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Cron

Many servers have something called "cron" (from the greek chronos, which means time). Cron jobs are a way of scheduling repetitive tasks to be triggered at specific times automatically. To use it requires a small bit of technical know how, and access to a server. You also need to have scripts available to run when cron calls them.

The accelerator platform has its own built in cron emulator you can use to run your tasks at specific times. It works much the same way, but without requiring access to a server. And it uses familiar BoltWire markup to run. Here's how it works:

Using Cron

Unlike a server, BoltWire cannot trigger events on it's own. That's the nature of static websites. But fortunately, there are services you can use to "ping" your site every minute or two to monitor its status. One I recommend is www.freshping.io. It costs nothing to setup, and comes with the added bonus of getting weekly reports on your site uptime!

Just set the url to www.mydomain.com/cron and enter your email. Save your account information, and any scheduled cron jobs will start running automatically.

Next, you need to set up your cron jobs. This is done on the cron page itself, which should contain content like the following:

expires: monthly | 1 10 15
renewals: weekly | 4 9 30
rss: daily | 8 30
stats: daily | 9 40
donations: hourly | 7
mailer: always | 0

<(cron)>

Let's break that done, one step at a time. First, you have a number of different cron jobs: expires, renewals, rss, etc. Then you have their frequency for how often they run. And finally a series of numbers used to control when that cron job fires. More on that in a minute.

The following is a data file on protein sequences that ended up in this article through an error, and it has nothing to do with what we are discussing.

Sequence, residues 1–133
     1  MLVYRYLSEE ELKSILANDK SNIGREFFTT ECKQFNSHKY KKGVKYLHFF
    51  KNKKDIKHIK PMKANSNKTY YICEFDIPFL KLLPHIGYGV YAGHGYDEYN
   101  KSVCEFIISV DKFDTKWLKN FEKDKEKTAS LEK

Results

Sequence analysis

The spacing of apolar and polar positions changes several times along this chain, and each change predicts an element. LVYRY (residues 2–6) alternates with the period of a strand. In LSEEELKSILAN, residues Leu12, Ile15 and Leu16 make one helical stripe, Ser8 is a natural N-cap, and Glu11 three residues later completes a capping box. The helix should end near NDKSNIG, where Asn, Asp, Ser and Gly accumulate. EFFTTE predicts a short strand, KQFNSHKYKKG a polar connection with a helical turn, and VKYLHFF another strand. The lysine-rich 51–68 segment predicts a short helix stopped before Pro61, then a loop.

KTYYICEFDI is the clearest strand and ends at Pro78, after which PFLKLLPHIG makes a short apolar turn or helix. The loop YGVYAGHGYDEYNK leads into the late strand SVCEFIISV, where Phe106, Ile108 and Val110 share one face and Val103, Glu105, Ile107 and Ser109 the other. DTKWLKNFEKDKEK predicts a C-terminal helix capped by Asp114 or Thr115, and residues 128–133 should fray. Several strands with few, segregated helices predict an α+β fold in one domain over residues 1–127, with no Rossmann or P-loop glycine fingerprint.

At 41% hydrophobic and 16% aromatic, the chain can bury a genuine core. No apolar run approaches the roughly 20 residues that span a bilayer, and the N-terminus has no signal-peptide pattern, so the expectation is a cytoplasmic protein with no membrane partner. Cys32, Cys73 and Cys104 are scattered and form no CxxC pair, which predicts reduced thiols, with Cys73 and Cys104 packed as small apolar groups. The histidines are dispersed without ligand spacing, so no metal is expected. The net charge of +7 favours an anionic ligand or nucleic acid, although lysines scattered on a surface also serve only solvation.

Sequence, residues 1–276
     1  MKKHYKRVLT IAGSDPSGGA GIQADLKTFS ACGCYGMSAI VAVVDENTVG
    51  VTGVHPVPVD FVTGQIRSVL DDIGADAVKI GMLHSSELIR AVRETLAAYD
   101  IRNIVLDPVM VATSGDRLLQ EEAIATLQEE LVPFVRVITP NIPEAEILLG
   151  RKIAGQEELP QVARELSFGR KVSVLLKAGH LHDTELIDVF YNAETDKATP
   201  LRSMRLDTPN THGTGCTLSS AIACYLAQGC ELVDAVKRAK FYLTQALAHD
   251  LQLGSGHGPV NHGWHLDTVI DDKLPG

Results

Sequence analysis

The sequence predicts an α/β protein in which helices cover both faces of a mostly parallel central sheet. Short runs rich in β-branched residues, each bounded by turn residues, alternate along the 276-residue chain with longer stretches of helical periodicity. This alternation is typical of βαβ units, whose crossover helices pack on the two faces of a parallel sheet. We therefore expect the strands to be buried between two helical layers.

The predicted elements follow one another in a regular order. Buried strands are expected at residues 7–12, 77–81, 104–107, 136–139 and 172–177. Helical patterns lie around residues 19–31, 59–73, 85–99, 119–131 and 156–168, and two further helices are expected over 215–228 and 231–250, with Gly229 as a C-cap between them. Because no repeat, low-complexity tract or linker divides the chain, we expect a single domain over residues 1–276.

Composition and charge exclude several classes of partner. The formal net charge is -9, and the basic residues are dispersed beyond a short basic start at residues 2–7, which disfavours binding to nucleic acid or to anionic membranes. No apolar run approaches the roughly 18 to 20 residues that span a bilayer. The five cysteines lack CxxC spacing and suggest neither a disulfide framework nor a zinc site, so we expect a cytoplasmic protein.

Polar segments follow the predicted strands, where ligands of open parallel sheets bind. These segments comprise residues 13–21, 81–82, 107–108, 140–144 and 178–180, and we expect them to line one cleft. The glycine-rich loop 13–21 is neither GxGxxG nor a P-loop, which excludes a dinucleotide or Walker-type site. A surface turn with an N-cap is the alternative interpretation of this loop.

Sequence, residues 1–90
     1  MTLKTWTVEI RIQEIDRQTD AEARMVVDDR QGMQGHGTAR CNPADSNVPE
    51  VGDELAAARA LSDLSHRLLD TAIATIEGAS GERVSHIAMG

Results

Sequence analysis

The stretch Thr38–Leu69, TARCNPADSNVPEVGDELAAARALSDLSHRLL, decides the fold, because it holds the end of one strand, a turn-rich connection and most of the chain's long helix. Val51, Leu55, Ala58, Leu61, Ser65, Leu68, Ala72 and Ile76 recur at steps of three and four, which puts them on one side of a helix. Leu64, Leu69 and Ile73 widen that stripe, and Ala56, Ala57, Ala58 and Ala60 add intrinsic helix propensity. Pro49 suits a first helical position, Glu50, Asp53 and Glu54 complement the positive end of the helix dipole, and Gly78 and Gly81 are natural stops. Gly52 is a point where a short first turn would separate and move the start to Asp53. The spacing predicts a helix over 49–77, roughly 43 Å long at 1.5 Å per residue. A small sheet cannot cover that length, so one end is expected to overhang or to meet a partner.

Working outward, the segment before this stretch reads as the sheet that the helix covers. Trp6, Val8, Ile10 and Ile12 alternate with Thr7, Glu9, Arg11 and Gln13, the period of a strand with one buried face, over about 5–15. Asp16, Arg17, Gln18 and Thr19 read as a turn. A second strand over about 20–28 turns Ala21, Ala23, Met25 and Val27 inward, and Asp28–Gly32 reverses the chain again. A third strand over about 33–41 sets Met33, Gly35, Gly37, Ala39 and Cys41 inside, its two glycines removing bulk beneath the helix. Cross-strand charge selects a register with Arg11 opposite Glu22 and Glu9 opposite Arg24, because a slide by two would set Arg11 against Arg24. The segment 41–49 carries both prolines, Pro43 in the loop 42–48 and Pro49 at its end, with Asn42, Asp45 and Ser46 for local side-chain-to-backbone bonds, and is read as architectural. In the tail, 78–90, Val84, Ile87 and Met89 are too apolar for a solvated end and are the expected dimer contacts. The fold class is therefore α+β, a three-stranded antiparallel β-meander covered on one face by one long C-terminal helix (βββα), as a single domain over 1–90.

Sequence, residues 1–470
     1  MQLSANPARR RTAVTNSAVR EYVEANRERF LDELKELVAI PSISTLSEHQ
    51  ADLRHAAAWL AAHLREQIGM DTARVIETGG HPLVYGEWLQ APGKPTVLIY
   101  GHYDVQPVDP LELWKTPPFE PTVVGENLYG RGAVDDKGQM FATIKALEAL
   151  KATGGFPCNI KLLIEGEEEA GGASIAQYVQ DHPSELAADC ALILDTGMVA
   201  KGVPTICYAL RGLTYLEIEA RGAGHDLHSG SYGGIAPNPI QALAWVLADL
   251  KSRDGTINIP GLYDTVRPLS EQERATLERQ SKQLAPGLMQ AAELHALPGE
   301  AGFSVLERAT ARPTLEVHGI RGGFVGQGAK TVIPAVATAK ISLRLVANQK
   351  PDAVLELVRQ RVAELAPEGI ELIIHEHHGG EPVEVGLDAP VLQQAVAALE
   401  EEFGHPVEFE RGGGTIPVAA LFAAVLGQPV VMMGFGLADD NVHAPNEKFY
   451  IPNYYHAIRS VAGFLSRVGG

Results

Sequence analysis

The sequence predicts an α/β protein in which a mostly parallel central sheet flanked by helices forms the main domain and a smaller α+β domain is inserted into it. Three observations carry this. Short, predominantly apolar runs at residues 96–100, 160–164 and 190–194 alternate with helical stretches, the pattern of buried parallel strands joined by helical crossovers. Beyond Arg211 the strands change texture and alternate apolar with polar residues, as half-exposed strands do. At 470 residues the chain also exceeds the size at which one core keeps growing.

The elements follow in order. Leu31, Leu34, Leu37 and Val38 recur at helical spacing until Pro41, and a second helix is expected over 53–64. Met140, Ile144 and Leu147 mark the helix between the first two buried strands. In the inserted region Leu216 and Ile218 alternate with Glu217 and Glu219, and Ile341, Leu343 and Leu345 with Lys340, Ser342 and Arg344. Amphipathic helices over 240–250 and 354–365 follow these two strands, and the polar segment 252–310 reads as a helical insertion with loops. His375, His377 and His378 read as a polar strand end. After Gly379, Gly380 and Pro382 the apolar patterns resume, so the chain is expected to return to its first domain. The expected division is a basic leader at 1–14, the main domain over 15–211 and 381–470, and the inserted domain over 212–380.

Last, you have the actual function that calls cron. Think of this as the cron master which calls all the other cron jobs at the appropriate time.

Now back to the numbers. They schedule when each job is to be done. It tells which exact day of the month, or week, and what hour and minute to run the job. So the expires job above will run each month on the 1st of the month as possible after 10:15 AM. The renewals job runs on each week on Wednesday (day 4) right around 9:30 AM or shortly thereafter. The rss job runs each day at 8:30 AM, and the stats job at 9:40 AM. Donations runs about minute 7, once each hour. And the mailer job runs every single time the cron page is called.

I usually stagger the times and days so as to avoid multiple cron jobs being called at the same time, and the server possible timing out. I'd also recommend you tweak your cron page to pick your own times and frequencies for jobs to avoid all our accelerator partners running jobs at the exact same moment!

The first time you run the cron page (either by you loading it, or waiting for freshping.io to ping it), the jobs will each be given a second set of numbers specifying the current month, day, or hour and minute, representing when that job was last done. But no jobs will actually be run this first time--it's just part of the setup process.